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IRS Finalizes New Information
Disclosure Rules

If donors want to know how much money their favorite ministry took in last year, or how much its top officers made, it hasn’t been easy for them to find out. They must make a written request to the IRS and often wait months for a response or appear at the charity’s office in person. If the organization was an ECFA member, they could obtain a copy of the annual audit from the charity. But audits don’t include salary data.

Now this is all changing. Effective June 8, 1999, anyone with an interest in a nonprofit organization’s finances can obtain Form 990 information with as little effort as sending an e-mail request. The Form 990 is the annual information return which must be filed each year with the IRS by many nonprofits.

Since 1987, tax-exempt organizations have been required to provide a copy of their annual information returns—Form 990s—to anyone who requests them and appears in person at your national, regional, or district office.

The public disclosure rules have now been significantly expanded. A personal appearance at one of your offices is no longer required—although that may still be done. Additionally, copies must be made available based on written requests unless your organization makes the requested documents widely available, you are subject to a harassment campaign or receive certain multiple requests from the same person at the same address.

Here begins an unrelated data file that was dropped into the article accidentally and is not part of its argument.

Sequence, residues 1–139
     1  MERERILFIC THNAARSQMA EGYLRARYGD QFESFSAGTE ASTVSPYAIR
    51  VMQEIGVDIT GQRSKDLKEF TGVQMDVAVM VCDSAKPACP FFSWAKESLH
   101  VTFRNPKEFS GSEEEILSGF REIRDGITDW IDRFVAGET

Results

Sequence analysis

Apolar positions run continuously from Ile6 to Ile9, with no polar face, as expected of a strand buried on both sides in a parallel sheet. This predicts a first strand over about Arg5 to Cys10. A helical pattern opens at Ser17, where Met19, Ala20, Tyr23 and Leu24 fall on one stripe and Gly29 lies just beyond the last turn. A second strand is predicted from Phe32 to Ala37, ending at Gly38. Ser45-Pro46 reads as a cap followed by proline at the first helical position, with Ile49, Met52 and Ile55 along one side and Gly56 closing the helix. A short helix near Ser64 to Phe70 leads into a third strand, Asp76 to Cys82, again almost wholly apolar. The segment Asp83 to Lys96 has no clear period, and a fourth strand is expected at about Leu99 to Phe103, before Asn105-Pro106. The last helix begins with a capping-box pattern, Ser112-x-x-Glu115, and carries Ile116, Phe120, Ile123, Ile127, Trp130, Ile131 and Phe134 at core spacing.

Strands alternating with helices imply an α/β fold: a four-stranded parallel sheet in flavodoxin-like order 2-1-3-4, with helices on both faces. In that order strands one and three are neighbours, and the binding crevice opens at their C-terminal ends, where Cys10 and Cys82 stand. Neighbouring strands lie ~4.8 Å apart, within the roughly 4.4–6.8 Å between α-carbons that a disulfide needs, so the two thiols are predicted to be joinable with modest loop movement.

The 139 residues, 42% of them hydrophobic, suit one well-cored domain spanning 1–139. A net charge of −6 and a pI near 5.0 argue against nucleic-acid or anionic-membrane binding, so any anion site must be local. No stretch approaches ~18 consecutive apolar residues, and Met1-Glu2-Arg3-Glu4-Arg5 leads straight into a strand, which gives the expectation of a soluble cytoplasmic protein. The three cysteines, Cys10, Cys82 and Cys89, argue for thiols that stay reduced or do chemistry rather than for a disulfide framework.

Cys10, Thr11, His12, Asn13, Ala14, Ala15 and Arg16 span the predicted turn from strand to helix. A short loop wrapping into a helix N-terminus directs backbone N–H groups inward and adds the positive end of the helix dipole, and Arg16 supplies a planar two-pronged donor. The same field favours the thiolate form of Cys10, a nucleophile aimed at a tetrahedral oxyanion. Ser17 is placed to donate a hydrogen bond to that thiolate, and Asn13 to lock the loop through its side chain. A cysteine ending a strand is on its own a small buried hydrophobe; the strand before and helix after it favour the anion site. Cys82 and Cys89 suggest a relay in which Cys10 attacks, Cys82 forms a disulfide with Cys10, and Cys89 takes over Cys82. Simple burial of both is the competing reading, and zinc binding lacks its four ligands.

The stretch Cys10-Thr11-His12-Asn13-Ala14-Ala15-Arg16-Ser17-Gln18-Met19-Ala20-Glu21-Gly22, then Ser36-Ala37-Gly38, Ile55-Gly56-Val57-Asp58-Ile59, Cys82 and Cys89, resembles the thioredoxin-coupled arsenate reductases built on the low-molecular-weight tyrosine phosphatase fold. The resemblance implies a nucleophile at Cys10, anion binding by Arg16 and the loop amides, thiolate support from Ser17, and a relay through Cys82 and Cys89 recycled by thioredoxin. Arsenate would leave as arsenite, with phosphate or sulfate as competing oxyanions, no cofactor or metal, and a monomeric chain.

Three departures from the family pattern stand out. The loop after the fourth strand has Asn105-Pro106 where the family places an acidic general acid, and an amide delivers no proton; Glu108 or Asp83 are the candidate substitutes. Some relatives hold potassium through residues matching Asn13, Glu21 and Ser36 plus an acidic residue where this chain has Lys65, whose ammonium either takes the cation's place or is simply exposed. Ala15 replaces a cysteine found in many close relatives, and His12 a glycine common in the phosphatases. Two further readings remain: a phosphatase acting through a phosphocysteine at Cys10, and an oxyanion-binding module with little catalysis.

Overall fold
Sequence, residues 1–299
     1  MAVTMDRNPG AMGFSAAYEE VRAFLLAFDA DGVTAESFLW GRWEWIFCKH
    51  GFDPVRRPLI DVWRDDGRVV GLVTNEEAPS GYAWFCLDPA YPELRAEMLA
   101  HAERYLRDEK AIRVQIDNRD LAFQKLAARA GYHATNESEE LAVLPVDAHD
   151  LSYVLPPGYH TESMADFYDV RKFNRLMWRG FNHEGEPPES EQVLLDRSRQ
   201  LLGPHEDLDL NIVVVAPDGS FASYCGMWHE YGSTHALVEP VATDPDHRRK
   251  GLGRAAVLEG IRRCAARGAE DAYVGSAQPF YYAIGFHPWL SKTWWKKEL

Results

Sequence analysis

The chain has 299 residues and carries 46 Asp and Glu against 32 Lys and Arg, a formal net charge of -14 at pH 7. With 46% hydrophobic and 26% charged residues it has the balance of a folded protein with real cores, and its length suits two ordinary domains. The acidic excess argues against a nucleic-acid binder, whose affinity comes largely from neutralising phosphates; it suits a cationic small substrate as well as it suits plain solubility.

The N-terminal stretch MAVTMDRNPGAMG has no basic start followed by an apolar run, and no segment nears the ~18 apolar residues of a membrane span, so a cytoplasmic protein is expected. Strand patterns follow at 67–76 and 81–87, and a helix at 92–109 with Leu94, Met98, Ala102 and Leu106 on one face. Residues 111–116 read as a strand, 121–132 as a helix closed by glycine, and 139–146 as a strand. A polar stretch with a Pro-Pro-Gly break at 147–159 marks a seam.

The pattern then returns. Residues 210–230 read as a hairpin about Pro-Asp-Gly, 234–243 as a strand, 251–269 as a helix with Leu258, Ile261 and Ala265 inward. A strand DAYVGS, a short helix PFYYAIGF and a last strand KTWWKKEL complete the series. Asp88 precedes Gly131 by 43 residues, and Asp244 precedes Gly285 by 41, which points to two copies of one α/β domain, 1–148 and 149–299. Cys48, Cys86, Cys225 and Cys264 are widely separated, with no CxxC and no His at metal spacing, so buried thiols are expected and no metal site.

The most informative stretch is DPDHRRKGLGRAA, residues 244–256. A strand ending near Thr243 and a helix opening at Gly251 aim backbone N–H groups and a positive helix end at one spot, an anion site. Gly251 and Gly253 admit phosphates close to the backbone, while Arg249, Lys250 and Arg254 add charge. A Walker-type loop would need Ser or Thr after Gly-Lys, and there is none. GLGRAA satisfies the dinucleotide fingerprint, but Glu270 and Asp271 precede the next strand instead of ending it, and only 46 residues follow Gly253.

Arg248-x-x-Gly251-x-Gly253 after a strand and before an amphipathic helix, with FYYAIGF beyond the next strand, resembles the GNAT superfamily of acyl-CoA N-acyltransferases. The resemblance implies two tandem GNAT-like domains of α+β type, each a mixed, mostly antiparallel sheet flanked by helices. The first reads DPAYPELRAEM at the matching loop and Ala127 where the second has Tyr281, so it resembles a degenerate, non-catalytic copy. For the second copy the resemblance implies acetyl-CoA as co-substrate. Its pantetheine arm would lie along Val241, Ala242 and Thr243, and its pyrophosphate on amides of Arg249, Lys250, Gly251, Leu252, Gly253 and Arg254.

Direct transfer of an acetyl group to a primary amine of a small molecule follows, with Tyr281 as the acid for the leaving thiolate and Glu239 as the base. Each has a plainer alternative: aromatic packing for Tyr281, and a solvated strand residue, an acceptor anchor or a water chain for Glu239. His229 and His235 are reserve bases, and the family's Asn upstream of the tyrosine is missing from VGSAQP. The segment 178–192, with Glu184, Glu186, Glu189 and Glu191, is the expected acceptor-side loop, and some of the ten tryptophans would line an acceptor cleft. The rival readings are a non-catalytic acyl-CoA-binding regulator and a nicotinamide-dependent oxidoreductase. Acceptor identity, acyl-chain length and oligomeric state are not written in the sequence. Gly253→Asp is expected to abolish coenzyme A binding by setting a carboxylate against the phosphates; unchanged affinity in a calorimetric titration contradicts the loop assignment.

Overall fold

Forms that must be disclosed. The public disclosure rules require that you provide the three most recent annual information returns (Form 990). This includes all schedules and attachments filed with the IRS, including compensation information and Schedule A.

Also subject to disclosure is the Form 1023 and all the documents filed by your organization in support of the application. It also includes any letter or other document issued by the IRS in connection with the document.

Timeliness of disclosure. If the request for copies is made in writing, you must provide the copies within 30 days from the date you receive the request. However, if you require payment for copying and postage, you may provide the copies within 30 days from the date you receive payment, rather than from the date of the initial request. You have seven days to notify the requestor of any fees.

Internet posting. How does the IRS define "widely available"? Documents are widely available if they are posted on the organization’s Web Site, or if the forms are posted on a Web site established and maintained by another entity as part of a database of similar documents of other nonprofits. The format used must exactly reproduce the image of the original document filed with the IRS.

Harassment campaigns. Organizations that are subject to a harassment campaign may apply to the IRS, within 10 days after suspending compliance, for relief in complying with requests for copies of documents. Additionally, you can disregard requests by the same individual exceeding two requests a month or four requests a year.